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Re: [IP] Re: Administrative procedures, students using insulin p

> I need feedback from parents or an attorney with regard to testing
> at THE STUDENTS DESK.  The school district has finally realized that
> there are kids who have been testing at the desk and sought the
> advice from their school districts attorney.  Their procedure reads
> as follows: glucose testing will not be permitted at the student's
> desk. All testing must be completed away from other students in
> order to prohibit the possibility of blood contaminationand/or blood
> splattering of other students. Upon completion of testing, all
> sharps must be placed in an appropriated container. ( they want the
> child to go to the back of the room. This must occur from the
> elementary level through the high school level) When I mentioned the
> 504 act(thankyou Curtis) and stated that my child's needs were not
> being accommodated and that going to back of the room would be
> disruptive to the educational process. His answer was "I must
> protect the other students from blood born diseases, mostly
> hepatitis, and that this is not negotiable. He, The director of
> student services, said there were 3 incidences of exposure in 1999
> from student testing. There is a meeting on 9/14 with the school
> board. Can anybody help.  THANK YOU!!!     Alecia (mother of Ian,
> pumping since 8/99)

More info

Be prepared to get a possible ration of s--t from the school, they
sometimes don't like to deal with 504's.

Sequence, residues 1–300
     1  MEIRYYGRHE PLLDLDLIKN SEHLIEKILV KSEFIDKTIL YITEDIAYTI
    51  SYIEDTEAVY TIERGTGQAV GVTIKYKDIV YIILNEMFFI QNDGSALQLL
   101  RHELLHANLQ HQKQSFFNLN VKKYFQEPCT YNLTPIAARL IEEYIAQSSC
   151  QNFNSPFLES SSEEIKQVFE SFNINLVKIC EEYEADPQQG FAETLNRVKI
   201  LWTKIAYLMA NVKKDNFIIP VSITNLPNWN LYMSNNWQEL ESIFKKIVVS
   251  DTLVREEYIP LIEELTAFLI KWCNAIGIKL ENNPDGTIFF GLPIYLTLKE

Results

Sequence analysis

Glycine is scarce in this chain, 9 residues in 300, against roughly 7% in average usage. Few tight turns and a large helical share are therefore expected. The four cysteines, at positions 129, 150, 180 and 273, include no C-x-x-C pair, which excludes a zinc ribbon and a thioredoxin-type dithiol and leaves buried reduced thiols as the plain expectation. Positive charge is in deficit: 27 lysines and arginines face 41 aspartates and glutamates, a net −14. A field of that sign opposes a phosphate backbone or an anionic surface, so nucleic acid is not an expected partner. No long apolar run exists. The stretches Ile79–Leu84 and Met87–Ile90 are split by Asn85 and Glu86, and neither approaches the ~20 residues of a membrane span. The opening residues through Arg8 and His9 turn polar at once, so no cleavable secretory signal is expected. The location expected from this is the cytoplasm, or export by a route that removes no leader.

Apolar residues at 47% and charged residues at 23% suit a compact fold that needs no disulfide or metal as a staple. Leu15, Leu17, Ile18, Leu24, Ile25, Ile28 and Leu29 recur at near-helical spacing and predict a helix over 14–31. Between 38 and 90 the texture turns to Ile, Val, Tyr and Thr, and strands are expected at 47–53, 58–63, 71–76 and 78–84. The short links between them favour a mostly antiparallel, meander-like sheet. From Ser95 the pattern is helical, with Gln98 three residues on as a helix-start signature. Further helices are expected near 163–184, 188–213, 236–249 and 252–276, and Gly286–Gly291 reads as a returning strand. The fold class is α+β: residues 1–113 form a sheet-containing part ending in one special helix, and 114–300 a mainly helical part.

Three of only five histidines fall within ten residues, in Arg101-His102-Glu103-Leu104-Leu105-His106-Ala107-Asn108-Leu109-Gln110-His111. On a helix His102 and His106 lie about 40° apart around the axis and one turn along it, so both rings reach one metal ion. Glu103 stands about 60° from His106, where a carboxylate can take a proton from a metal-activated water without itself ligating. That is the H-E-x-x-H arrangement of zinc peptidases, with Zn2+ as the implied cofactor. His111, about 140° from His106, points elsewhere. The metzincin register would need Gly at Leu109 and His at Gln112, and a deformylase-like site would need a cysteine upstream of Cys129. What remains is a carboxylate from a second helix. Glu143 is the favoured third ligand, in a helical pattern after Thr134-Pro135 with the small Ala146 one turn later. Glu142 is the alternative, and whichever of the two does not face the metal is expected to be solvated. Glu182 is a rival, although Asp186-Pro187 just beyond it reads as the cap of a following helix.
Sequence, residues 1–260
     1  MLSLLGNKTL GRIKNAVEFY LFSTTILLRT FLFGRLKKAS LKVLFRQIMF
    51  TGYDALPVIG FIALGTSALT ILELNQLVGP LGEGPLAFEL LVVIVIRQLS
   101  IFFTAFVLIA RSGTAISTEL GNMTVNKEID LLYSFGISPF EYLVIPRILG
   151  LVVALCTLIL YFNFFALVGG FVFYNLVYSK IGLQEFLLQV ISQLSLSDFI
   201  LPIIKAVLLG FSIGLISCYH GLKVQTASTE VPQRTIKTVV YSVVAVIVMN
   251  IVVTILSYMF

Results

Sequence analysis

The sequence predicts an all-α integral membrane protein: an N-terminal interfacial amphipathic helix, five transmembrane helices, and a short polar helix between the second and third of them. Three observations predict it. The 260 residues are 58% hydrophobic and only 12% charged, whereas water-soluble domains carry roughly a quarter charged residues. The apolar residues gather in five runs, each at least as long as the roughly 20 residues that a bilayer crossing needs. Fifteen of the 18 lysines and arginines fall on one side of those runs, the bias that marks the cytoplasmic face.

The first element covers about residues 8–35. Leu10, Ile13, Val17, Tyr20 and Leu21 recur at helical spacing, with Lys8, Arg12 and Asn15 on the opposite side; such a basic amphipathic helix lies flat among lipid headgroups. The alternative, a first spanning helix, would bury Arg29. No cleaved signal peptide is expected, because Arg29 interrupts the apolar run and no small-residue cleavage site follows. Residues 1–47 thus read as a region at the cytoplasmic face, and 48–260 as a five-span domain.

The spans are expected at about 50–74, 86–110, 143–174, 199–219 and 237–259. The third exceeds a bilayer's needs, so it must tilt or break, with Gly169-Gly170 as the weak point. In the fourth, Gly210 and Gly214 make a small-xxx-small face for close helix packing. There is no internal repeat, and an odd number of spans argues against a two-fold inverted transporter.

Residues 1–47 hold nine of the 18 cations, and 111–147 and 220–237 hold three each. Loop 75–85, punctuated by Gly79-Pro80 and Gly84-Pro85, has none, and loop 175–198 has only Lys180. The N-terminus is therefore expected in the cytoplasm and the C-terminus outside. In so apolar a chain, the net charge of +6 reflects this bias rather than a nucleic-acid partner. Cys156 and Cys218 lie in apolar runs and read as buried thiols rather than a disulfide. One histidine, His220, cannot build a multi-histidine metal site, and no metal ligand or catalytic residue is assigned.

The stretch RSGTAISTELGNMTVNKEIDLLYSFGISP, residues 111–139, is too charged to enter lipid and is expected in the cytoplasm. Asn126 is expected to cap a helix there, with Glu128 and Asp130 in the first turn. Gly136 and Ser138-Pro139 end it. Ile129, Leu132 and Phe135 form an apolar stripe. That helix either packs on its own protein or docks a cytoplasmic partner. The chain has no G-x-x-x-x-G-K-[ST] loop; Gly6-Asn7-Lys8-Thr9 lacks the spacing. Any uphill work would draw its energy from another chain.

Here is the hard-line drill (if needed)

1.) Set up an individual health care plan(IHCP) with your school
nurse(or health office coordinator). BE VERY SPECIFIC. This document
needs to be signed by the school district's physician, along with your
endo, so anything written in it is considered a doctor's order. School
nurses will need to comply or risk losing their nursing license.

2.) If your child already has an EXISTING IEP for educational
purposes, then you can attach a copy of the IHCP to the IEP as an
additional safeguard, but you cannot write classroom specifc goals
related to health conditions within an IEP.

3.) If the above tactics don't work, then set up a 504 plan, in
addition to(not in repacement of) the IHCP. This forces your school
distict to comply or lose federal funding.

Call your state board of education, they can give you the name of your
region's special needs advocate. They'll attend any meeting with you
and are there for the benefit of you and your child. Its free and , at
least may bear as much weight wih school systems as threatening a

                 Appropriate Accommodations Under Law

                 Any school receiving federal funding must accommodate
                 the special needs of its students in order to assure
                 them a "free, appropriate public education." Such
                 accommodation should be documented in either a
                 Section 504 plan or in an Individualized Education

                 Work with the school in establishing written
                 documentation of accommodation explicitly detailing
                 the specific needs of your child with diabetes. 

                 Your written plan might include allowances for: 

                    1.Eating whenever and wherever necessary. 
                    2.Going to the bathroom or water fountain. 
                    3.Participating fully in all extra-curricular
                    activities, including sports
                      and field trips. 
                    4.Eating lunch at an appropriate time with enough
                    time to finish eating. 5.Being out sick more often
                    than the traditional limit. 6.Assistance with
                    blood glucose monitoring or insulin injections,

                 These are examples of some of the things to include
                 in an individual plan. Consult your child's doctor
                 when determining your individual recommendations. 

                 Your Rights 

                 As the parent or legal guardian of a child with